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How to use this resource?

In this digital collection, you will find: 

  • An introduction to this resource (of which this page is a part of)

  • The biographies of the four women who were interviewed

  • The full unedited audio recording of the interviews with each of the four women with Dr. Freund in their original language

  • The edited, shortened and reorganized transcripts of these interviews

  • Lesson plans to use this resource in your class. (For now, we provided a lessons series on Historical Thinking, but there will be more lesson plans in the future)

  • Short introductions of all the team behind this project

  • And a list of resources that you can refer to if you would like to learn more about oral history, Canadian history, women’s history or find other educational material.


To the exception of the unedited audio interviews, all the material on this website is available in English, French and German. You can change the language of the website by selecting the language of your choice on the menu on the top right of the header.

How to use the transcripts of the interviews?


To make them more accessible to be used in the classroom, we selected excerpts of the transcripts that we found most valuable and organized them into three main categories:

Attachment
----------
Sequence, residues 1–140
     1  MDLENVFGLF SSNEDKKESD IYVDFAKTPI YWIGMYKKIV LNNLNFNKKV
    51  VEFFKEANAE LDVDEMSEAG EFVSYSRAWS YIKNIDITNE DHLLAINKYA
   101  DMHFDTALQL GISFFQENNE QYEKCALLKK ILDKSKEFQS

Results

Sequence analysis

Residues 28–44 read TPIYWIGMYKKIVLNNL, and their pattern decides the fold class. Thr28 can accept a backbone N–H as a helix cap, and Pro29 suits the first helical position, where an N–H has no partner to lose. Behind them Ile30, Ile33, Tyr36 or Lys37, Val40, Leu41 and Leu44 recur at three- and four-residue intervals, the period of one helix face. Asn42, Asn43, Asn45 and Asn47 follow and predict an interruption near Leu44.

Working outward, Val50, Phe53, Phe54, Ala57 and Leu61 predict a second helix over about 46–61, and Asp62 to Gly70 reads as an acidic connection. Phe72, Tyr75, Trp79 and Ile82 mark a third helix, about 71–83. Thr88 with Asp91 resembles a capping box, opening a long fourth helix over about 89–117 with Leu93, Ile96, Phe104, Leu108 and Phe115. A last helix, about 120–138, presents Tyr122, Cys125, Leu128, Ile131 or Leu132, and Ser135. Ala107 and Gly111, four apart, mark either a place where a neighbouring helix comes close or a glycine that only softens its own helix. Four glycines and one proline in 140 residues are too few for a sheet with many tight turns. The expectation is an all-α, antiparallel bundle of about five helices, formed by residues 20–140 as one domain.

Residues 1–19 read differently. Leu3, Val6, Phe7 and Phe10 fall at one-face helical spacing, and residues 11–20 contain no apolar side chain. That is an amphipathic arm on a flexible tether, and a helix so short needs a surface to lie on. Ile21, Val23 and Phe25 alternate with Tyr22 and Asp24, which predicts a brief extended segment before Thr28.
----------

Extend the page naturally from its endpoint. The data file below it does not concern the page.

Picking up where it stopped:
1. Reasons for Leaving and First Steps in Canada

  2. Being a German Woman in Canada After World War II

  3. Gender Dynamics in Marriage and Family


Each category is itself divided into subcategories. Under “Reasons for Leaving and First Steps in Canada” we have: 

1.1 Life in Europe and Decision to Migrate

1.2 The Ship and Train Journey

1.3. The First Steps in Canada


Under “Being a German Woman in Canada After World War II,” you will find:

2.1 What Was It Like To Be German in Canada?

2.2 What Was It Like To Be a Woman in Canada?


Under “Gender Dynamics in Marriage and Family”:

3.1 Family Dynamics: Parents, Sibling, and Extended Family

3.2 Marriage Dynamics and Family Structure: Husband, Children, In-Laws


These categories are not comprehensive and not necessarily exclusive. Some passages that we chose to put in 2.1 may sometimes also make sense in 2.2 or 3.1. If you wish to use this resource for educational purposes, feel free to connect a passage to multiple categories.

Each excerpt is time-stamped, so you can find it in the audio-file of the interview. We strongly encourage to listen to the audio as you read the transcript as there is a lot that is being communicated by the intonations, the hesitations, the pauses and the uhms, which are not always included in the transcript. 


At the bottom right of each excerpt you will find a code. Each excerpt has their own individual code, so it can be studied, printed and referenced individually. We use these codes to reference specific passages in our lesson plans, and we encourage you to do so as well if you choose to create your own activities from this resource. 


If you use passages from the interviews, make sure to reference them properly; we provided a full citation at the bottom of each excerpt. Make sure to also reference our website when you use any material from it. You can use this format (Chicago, 17th edition) to do so:

Bach, Sofia and Claudia Dueck, “[Enter the Title of the Page].” What They Can Teach Us: Stories from German-Canadian Women, 1950-1993. German-Canadian Studies, University of Winnipeg. May 2023. Accessed on [Enter Date]. [Enter the full URL of the page you want to cite]. 

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